Argument from inconsistent revelations

From Academic Kids

The Argument from Inconsistent Revelations, also known as the Avoiding the Wrong Hell Problem, is an argument against the existence of God. It asserts that it is unlikely that God exists because many theologians and faithful adherents have produced conflicting and mutually exclusive revelations. Since a person not privy to revelation must either accept it or reject it based solely upon the authority of its proponent, and there is no way for a mere mortal to resolve these conflicting claims by investigation, it is prudent to reserve one's judgment. The argument appears, among other places, in Voltaire's Candide and Philosophical Dictionary.

This argument against God can be seen as the reverse of Pascal's Wager and frequently arises as an objection to it. The Wager invites one to accept the existence of God in the absence of proof as the best strategy because the alternate outcome for disbelief is eternal damnation in Hell. The Argument from Inconsistent Revelations explains that, given the content of the proposed revelations, acceptance of one entails rejection of another; Pascal's Wager gives no assurance that a person has in fact made the safest choice. In his Pensées philosophiques, Denis Diderot stated this objection to the Wager by observing that "An imam could reason the same way."

In mathematical terms, it points out that, if there are a number (n) of inconsistent faiths one could believe in, the probability (p) of having chosen to practice the correct one by making Pascal's Wager is represented as p = 1 / n. However, the Wager gives no data as to whether or not the chosen religion is the correct one. Therefore, there is at best an even chance of doing so and, in practice, a greater-than-even chance that the incorrect religion was chosen and the believer will go to the correct religion's Hell rather than its Heaven.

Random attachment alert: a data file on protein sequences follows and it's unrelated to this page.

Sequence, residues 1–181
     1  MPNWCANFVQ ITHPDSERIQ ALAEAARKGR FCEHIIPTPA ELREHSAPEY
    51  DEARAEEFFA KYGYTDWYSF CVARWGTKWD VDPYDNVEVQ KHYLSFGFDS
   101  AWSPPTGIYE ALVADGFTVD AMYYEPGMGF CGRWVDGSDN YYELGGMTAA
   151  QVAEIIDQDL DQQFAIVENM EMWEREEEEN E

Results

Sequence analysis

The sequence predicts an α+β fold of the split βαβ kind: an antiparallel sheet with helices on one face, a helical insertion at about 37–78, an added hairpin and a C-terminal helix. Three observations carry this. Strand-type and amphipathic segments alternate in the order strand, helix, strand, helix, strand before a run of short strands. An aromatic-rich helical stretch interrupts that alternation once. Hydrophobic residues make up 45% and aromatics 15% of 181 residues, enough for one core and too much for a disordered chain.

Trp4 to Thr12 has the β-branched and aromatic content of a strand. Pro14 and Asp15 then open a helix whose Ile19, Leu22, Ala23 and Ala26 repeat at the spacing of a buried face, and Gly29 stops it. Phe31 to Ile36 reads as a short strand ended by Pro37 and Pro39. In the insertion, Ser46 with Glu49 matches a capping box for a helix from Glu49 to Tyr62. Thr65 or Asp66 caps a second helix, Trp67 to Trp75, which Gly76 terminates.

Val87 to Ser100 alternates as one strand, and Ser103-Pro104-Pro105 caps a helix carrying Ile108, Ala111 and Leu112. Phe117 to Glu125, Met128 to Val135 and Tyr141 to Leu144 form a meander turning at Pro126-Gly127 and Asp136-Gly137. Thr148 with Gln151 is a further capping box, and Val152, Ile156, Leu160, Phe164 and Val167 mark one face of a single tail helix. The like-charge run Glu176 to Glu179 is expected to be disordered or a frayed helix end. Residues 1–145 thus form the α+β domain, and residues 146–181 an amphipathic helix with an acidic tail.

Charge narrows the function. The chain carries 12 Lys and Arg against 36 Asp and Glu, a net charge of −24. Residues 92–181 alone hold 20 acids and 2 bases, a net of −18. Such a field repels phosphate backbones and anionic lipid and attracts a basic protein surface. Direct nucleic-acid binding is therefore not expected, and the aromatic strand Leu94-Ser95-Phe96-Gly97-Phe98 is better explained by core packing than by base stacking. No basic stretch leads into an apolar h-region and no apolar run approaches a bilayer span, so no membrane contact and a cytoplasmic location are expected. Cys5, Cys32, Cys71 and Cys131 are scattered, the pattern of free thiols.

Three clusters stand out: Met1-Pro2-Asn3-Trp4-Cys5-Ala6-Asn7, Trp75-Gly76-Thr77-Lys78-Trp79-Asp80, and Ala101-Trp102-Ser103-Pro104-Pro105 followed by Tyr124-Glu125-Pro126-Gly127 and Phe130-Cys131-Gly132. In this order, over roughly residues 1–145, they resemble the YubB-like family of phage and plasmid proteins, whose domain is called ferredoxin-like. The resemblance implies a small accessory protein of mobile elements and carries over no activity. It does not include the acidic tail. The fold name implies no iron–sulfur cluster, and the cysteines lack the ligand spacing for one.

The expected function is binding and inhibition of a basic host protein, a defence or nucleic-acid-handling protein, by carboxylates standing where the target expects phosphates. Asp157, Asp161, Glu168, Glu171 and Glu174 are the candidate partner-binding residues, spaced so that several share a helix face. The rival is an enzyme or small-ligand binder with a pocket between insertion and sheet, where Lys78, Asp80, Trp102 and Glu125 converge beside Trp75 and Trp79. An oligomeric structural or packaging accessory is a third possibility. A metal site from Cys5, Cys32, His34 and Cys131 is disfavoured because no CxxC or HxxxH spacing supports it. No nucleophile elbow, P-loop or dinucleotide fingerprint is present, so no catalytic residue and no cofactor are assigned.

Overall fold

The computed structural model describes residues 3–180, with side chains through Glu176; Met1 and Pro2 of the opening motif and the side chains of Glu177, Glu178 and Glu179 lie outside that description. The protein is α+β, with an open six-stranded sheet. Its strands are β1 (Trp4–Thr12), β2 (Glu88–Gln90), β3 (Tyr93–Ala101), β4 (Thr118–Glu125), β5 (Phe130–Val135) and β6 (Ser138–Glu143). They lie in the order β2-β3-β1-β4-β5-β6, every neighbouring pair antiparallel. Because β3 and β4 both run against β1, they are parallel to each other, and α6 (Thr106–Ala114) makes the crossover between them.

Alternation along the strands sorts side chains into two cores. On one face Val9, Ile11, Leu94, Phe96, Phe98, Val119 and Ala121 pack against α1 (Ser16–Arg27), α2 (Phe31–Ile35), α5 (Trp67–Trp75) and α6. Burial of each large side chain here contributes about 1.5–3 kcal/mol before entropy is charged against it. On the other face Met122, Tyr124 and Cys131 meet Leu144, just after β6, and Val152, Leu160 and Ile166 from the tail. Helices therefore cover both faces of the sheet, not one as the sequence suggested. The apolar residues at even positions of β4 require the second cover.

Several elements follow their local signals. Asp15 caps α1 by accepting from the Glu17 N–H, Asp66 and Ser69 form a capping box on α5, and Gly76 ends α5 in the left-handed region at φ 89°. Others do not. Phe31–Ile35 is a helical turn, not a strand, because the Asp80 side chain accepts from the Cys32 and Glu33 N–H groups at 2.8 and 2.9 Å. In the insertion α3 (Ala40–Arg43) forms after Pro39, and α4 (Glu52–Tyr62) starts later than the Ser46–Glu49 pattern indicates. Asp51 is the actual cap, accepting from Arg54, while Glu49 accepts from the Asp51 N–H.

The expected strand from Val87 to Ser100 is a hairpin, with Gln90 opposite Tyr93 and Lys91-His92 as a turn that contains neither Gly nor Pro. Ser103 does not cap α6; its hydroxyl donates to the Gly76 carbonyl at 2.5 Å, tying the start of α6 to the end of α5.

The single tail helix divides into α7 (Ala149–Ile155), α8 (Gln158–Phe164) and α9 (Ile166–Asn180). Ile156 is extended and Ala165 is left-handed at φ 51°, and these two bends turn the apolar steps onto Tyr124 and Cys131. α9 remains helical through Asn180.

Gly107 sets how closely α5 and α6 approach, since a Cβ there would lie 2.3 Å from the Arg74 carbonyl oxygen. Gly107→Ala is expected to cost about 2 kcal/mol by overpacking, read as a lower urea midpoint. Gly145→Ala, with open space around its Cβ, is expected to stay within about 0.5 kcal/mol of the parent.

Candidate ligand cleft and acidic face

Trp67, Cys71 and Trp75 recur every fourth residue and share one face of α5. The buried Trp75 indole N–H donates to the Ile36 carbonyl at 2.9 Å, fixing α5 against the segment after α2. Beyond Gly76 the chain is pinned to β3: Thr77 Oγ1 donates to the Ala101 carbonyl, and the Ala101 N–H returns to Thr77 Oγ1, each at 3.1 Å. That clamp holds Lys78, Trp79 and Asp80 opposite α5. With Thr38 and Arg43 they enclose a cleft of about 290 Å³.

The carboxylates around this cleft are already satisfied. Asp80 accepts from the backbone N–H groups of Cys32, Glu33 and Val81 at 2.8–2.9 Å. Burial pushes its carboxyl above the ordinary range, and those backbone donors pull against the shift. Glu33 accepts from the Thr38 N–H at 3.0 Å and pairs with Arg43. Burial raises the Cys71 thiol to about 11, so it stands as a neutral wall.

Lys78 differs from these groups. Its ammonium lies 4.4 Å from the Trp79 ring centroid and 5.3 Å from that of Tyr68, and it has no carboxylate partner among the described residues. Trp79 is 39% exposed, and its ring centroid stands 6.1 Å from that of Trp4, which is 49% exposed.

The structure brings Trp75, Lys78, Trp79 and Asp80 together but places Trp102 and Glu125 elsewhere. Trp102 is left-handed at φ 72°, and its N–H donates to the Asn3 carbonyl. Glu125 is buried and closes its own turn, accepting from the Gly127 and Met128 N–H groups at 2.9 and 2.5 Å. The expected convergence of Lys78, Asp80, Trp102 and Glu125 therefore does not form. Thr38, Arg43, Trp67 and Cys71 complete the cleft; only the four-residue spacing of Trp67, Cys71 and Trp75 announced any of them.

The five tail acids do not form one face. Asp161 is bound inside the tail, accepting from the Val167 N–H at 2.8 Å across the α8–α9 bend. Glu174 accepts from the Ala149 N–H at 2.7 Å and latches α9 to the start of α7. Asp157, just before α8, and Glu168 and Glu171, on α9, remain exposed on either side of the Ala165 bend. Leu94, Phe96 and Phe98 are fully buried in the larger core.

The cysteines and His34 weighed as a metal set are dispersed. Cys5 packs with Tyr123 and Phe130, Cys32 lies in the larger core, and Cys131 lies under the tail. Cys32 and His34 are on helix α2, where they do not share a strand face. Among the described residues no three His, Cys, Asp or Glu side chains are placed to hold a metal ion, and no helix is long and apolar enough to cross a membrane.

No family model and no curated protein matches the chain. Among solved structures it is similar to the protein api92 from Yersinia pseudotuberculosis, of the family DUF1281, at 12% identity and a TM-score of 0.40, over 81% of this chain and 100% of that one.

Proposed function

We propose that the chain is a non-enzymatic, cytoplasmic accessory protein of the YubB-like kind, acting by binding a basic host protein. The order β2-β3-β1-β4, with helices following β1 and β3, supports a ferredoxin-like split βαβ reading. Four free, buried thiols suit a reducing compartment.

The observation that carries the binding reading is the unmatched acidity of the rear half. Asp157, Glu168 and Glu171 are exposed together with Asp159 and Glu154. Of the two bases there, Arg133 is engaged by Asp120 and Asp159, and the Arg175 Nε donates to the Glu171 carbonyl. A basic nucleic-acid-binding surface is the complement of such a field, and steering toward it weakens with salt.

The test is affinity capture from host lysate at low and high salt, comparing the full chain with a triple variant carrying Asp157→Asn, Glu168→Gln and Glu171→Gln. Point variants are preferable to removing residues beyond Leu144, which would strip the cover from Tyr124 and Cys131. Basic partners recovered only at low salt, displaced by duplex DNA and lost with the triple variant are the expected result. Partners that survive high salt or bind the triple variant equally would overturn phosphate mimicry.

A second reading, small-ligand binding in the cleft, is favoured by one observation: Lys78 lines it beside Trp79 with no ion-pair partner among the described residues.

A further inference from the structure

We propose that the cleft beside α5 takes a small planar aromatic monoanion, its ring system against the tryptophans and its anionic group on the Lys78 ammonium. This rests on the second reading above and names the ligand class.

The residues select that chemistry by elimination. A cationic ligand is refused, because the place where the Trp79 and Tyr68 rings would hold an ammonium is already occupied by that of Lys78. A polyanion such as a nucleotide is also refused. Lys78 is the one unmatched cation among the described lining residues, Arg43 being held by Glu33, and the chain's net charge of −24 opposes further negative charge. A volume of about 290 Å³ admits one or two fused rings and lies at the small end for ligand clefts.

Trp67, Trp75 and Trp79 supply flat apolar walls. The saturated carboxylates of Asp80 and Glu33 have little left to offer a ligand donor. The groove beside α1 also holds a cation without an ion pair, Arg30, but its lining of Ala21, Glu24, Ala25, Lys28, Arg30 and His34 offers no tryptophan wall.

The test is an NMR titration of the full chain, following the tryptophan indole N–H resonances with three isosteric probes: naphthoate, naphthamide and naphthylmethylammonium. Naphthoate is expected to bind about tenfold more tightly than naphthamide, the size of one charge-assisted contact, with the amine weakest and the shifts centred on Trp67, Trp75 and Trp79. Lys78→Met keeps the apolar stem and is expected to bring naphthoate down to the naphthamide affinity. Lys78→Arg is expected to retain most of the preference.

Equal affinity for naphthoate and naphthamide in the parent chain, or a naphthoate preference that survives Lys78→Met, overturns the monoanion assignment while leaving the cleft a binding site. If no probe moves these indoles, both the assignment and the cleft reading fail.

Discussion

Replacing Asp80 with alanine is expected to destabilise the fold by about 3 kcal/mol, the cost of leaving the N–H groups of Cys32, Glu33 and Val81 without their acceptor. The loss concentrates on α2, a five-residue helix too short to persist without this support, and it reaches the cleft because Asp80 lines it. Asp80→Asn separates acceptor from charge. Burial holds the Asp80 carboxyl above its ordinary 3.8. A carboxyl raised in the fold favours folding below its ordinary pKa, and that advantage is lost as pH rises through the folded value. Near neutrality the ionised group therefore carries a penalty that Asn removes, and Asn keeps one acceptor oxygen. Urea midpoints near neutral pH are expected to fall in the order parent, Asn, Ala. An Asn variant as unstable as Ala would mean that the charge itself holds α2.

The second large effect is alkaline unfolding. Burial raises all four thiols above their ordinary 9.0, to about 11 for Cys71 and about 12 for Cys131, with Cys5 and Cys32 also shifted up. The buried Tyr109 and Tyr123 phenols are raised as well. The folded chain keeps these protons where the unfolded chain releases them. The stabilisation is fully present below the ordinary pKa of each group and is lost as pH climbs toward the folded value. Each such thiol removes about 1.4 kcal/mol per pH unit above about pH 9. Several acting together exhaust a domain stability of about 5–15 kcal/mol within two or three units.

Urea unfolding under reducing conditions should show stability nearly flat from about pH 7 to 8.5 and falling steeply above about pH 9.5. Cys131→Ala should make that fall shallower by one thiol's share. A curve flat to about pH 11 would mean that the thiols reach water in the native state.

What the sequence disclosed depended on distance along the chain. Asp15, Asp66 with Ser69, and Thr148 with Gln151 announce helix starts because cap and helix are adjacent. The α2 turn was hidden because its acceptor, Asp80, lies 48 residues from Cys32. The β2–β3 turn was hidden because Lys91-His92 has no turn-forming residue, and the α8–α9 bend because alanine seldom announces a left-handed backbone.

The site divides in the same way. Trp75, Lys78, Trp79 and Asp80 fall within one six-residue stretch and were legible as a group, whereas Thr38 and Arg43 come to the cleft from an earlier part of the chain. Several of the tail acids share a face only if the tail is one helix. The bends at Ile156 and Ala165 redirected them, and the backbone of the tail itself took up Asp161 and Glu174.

Christians believe that Jesus is the savior of the world and the son of God; Jews and Muslims believe just as strongly that he is not. Similarly, Muslims believe that the Qur'an was divinely authored, while Jews and Christians do not. There are many examples of such contrasting views, indeed, opposing fundamental beliefs can even be found within the confines of each major religion. Acceptance of any one of these religions thus requires a rejection of the others, and when faced with these competing claims in the absence of a personal revelation, it is not possible to decide amongst them. Were a personal revelation to be granted to a nonbeliever, the same problem of confusion would develop in each new person the believer shared the revelation with.

Likewise, prayer may result in conflicting petitions addressed to the same God. On different sides of a battle or a football game, players and fans pray for victory to different Gods, or to the same God. God cannot simultaneously grant all of these prayers; therefore, for any one side to have claimed that God granted their prayer is not a falsifiable hypothesis.

Believers have a number of stratagems to counter this argument. It assumes, for example, that none of them make verifiable predictions about what can be found in history or science. The presence of a testable proposition in a revelation may provide a way to assess the credentials of the prophet who claims to speak for a deity; an error about an inter-subjectively demonstrable fact casts doubt on the remaining propositions that cannot be verified.

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